Contrary to what most people think, animals experience pain too. Even if it’s in a different form, the impact is still the same. And animals, just like humans, grieve when they lose something important to them. That includes losing their offspring.
Michael McCarthy didn’t think he’d spotted anything extraordinary when he went canoeing near St. Petersburg, Florida.
At first, he thought he’d simply seen a dolphin carrying its dinner. However, upon taking a closer look, he saw something that will be with him for a long time. The dolphin was actually carrying a dead calf.
It was just heartbreaking to watch.
The dolphin was nuzzling the body of the calf and looked to be grieving and mourning over her loss— not just like a human mother might do.
The mother dolphin continued its funeral procession and Michael soon saw she. wasn’t alone. There was another dolphin swimming beside her. It looked as if it was comforting the mother. Then a few more dolphins joined her before going their own way.
“As the mother made her way north through the Intracoastal Waterway, other dolphins joined her for short distances and then went on their way,” Michael said.
Based on the scar patterns on thecalf, Michael believes it may have been hit by a motorboat.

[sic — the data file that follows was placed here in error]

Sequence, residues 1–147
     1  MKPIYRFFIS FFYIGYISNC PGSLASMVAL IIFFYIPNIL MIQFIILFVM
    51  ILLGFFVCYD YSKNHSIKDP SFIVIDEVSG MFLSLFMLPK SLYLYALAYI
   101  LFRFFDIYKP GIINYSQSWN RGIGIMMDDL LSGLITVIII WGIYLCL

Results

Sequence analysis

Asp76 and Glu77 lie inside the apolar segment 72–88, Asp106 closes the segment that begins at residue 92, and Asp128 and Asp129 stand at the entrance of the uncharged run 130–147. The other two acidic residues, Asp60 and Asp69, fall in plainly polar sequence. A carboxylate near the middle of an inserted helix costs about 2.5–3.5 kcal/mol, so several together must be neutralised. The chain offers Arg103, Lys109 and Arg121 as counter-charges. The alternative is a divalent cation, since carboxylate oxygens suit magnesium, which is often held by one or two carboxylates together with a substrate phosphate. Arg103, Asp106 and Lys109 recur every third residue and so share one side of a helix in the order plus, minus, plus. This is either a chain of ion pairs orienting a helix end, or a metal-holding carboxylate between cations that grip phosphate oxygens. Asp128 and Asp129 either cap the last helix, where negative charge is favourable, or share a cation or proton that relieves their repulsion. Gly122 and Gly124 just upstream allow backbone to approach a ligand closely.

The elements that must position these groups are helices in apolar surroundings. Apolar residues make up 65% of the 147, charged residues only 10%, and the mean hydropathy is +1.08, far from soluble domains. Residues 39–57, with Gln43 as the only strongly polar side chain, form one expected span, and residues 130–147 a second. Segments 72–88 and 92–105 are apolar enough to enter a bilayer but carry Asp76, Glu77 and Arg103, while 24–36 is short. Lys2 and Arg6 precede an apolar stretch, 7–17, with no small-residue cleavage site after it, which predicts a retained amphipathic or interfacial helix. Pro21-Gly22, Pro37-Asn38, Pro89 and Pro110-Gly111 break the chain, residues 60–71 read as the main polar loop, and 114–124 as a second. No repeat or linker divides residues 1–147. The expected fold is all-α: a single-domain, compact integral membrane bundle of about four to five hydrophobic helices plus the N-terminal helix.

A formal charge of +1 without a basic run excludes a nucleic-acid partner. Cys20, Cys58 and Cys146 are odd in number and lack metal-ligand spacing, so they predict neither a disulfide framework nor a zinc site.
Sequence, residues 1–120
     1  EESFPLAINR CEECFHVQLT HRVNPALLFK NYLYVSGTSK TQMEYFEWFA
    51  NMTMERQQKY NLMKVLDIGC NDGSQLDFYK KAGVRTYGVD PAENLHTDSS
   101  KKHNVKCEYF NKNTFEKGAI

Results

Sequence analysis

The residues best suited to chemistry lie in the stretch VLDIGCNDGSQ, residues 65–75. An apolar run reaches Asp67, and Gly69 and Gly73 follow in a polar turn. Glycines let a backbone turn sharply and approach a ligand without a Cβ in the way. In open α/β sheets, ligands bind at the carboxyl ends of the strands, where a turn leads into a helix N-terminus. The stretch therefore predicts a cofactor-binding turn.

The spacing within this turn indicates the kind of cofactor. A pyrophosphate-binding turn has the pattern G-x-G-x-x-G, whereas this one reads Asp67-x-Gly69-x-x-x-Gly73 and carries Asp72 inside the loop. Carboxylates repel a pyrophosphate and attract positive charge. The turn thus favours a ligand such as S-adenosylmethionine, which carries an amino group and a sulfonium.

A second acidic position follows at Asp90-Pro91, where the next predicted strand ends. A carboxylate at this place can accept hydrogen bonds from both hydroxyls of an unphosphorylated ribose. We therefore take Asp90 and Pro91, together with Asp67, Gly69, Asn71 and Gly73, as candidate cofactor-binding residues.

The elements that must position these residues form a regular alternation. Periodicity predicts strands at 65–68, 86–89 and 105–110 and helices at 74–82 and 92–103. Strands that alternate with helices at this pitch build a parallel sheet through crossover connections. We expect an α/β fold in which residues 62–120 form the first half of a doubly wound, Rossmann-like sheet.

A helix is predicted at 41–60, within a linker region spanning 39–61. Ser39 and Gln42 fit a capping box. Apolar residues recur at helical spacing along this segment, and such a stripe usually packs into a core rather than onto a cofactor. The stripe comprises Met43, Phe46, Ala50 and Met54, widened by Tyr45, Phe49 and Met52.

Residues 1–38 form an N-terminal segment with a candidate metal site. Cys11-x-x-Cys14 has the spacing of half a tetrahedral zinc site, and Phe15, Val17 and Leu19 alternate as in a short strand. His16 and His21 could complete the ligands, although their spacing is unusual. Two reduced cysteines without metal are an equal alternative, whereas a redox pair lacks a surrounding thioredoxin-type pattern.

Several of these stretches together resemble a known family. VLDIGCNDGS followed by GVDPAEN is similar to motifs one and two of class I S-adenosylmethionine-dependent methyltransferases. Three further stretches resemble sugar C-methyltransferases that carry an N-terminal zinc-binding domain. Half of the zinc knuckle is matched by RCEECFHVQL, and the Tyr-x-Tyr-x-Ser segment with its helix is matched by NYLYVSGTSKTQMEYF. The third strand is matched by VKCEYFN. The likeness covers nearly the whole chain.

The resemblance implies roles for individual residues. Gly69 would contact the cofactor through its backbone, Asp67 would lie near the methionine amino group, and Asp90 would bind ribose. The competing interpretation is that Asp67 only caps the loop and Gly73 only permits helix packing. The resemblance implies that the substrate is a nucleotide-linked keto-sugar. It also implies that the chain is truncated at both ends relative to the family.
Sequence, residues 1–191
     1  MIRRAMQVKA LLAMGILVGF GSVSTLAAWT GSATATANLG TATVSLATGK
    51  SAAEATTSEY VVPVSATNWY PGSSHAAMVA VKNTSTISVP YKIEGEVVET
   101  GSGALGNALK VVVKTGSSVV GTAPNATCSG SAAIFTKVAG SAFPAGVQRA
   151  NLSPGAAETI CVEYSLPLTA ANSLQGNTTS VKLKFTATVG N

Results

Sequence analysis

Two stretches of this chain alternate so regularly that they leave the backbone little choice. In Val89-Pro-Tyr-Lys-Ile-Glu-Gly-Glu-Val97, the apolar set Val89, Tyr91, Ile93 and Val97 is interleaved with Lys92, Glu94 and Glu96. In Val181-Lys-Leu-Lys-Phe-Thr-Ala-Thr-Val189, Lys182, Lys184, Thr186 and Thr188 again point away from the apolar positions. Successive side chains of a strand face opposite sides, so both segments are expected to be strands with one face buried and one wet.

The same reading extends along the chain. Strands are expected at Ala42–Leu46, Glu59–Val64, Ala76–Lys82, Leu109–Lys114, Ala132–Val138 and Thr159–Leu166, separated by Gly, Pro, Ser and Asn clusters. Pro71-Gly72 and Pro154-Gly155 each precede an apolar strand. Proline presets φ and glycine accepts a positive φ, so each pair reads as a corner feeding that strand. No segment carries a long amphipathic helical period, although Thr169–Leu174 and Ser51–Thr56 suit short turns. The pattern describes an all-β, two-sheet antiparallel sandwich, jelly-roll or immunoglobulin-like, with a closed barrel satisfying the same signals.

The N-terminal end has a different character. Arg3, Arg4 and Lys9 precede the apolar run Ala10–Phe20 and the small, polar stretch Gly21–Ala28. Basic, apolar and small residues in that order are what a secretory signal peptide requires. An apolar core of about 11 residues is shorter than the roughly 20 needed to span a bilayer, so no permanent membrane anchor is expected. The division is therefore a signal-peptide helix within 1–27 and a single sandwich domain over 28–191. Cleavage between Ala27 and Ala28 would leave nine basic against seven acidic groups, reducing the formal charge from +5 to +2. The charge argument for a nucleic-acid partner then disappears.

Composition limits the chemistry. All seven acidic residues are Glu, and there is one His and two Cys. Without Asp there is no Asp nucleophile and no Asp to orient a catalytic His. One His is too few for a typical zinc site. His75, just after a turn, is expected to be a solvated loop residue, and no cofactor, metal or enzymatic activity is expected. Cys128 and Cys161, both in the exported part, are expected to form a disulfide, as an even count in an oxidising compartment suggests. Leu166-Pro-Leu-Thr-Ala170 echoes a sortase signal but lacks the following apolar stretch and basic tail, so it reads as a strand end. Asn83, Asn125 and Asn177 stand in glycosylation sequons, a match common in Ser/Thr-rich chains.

After spending years on the water, Michael knows what propeller wounds look like— and dolphins getting hit by boat propellers is a lot more common than people think.
Despite the heartbreaking scene, Michael decided to take out his camera and film it. His main goal was to increase awareness and to let people know that dolphins are vulnerable creatures. Humans should learn to be more careful when they’re in the same waters.
This isn’t the first time that aquatic animals were seen showing grief after losing an offspring.
Sometime in August of 2018, there was a report of a mother Orca that was seen carrying her dead baby while grieving. Another case was reported in February about a female bottlenose dolphine doing the same thing.
These cases prove how animals, just like humans, experience pain and grief with the loss of a child. Although they aren’t able to express what they are feeling through words, their actions say everything we need to know— and compared with other marine animals, dolphins are considered to be 18 times more likely to express such behavior.
What Michael saw that day is something he (and the rest of us) won’t be able to forget anytime soon.
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Mother #dolphin not ready to let go of her dead calf and pushing it through the intracoastal waterway.
It’s hard to say for sure without examination, but the calf may have been hit by a boat. Please don’t assume that because #dolphins are fast that you won’t hit them. #sad pic.twitter.com/Le2MAwvPIB
— See Through Canoe (@SeeThroughCanoe) June 3, 2019
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